It does not matter how we describe it: mathematics learning difficulties; digit dyslexia; arithmetic learning disabilities… there is a phenomenon affecting an estimated 5% of the population. They have difficulty learning and remembering arithmetic facts. They have problems solving problems that involve calculation. The problem these people encounter with numbers is often masked by another difficulty – for example dyslexia.
Dr Josef Gerstmann first started to investigate and write about the difficulties experienced in learning or comprehending mathematics during the 1940s and the term dyscalculia, meaning ‘counting badly’, was coined about 1949. However, it wasn’t until the mid 1970s that, through the work of Ladislav Kosc, dyscalculia was defined as ‘a structural disorder of mathematical abilities.’
What is dyscalculia? Well, there is a wealth of information out there explaining what it is (and isn’t). Good places to start might be the British Dyslexia Association whose website has a section for dyscalculia – it is widely acknowledged that many dyslexics do have dyscalculia. It is worth noting that there is no causal connection between these two. There is, however, a strong connection between students displaying dyscalculia and (maths) anxiety – this should not come as a surprise. Look also at dyscalculia specific organisations such as DyslexiaScotland.org.uk or the Dyscalculia Information Centre.
As a mathematics teacher I need to recognise that I will come across my share of dyscalculics. Just because a student seems distant, anxious or even lazy, has poor attention, or just generally bad a maths, does not mean that they are dyscalculics – but these traits might mask dyscalculia, some of them may be learned ways that the student copes with their difficulty. It means of course that I have to be very sensitive to these students’ needs and to quietly investigate their computational and processing skills.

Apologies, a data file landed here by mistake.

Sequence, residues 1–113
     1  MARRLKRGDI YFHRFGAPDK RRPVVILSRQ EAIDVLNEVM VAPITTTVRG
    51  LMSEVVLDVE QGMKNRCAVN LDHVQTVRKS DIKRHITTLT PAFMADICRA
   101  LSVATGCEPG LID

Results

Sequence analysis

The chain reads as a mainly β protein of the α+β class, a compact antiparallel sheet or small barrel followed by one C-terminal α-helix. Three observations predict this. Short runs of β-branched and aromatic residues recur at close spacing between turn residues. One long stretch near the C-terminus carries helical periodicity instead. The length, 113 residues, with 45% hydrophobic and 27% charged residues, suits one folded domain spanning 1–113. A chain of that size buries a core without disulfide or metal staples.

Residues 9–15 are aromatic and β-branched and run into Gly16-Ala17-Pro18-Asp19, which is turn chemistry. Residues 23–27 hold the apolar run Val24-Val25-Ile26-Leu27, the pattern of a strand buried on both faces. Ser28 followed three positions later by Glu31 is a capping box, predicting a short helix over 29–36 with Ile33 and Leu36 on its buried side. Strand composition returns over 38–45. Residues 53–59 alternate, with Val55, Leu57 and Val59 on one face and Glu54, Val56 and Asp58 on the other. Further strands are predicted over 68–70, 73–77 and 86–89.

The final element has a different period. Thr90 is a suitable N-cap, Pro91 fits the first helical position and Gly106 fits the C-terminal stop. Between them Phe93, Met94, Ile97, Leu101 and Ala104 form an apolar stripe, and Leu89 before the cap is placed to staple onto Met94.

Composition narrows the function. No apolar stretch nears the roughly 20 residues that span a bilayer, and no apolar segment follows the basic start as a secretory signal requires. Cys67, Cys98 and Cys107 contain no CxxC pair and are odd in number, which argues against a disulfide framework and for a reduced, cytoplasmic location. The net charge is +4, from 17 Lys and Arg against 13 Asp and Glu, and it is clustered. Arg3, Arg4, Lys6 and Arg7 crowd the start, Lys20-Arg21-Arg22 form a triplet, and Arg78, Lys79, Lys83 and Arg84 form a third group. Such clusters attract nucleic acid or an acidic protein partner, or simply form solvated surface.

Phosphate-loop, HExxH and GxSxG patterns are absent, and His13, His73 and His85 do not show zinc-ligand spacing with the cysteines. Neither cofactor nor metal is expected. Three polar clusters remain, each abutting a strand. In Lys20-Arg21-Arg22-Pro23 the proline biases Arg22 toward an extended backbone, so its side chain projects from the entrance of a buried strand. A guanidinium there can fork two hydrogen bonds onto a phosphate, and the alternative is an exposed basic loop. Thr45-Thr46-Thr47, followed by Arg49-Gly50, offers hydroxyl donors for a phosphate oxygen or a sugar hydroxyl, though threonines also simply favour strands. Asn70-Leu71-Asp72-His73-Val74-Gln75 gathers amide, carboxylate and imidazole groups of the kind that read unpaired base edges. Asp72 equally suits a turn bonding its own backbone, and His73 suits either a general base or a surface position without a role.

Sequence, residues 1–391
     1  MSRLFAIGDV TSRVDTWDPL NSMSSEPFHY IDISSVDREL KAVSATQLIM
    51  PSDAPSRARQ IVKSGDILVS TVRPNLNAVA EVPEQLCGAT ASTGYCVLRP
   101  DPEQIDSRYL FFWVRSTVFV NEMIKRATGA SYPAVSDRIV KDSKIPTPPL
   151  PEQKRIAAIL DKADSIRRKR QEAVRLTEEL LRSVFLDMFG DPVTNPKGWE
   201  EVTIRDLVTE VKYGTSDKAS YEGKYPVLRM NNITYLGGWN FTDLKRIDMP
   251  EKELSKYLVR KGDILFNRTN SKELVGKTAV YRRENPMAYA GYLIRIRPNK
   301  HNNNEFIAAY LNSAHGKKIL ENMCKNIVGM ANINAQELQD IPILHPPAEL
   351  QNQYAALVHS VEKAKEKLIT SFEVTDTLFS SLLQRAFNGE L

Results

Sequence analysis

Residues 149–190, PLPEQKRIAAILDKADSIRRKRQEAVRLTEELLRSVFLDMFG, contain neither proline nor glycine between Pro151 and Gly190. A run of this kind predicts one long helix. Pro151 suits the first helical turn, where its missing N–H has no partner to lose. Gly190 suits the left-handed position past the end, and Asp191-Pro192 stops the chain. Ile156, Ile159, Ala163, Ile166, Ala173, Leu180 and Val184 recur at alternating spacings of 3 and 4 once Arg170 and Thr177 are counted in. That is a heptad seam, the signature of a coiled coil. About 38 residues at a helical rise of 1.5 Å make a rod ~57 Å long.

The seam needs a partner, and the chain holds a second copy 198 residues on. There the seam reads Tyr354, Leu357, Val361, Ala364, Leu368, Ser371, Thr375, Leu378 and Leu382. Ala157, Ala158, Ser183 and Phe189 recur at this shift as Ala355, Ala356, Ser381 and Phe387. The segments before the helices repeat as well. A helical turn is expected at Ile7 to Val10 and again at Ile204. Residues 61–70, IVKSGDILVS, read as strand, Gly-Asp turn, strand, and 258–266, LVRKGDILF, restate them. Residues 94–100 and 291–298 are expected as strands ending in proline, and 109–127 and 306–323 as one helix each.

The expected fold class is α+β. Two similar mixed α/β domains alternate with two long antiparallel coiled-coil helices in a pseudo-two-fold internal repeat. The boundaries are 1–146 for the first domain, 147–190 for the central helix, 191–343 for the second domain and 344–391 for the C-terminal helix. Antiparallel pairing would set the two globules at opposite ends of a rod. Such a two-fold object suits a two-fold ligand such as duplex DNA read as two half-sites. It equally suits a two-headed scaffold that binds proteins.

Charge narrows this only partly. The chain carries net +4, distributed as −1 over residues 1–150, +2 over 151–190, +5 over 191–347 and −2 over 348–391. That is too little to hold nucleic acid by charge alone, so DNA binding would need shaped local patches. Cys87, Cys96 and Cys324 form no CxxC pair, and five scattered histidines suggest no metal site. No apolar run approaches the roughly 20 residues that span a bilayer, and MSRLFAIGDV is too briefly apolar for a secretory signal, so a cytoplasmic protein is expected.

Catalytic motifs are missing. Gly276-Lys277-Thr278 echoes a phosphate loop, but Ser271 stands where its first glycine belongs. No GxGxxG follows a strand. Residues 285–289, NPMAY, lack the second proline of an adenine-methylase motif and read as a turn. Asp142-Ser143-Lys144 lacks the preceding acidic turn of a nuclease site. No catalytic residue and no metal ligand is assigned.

Dyscalculia cannot be cured, you do not grow out of it. But, it can be managed, skill sets can be improved, strategies can be learned, attention and working memory can be developed, anxiety can be relieved. It is my job to ensure that students are given back their sense of number, to correct a poor concept of number, to start to acquire in a concrete way those foundation blocks that all other concepts are built upon.
This is not, cannot be, a quick fix. Intervention is not about helping out with homework or repeating lessons on a 1 to 1 basis with a student. It is about identifying the mathematical connections that the student does not have, working to build factual blocks that will allow more cumulative skills to be learned. It could be slow – it will depend when intervention starts.
As I build my awareness of this learning difficulty, my experience of working in 1 to 1 relationship with dyscalculics, and evaluate the success of my intervention, I aim to post occasional updates on my reflections and discoveries.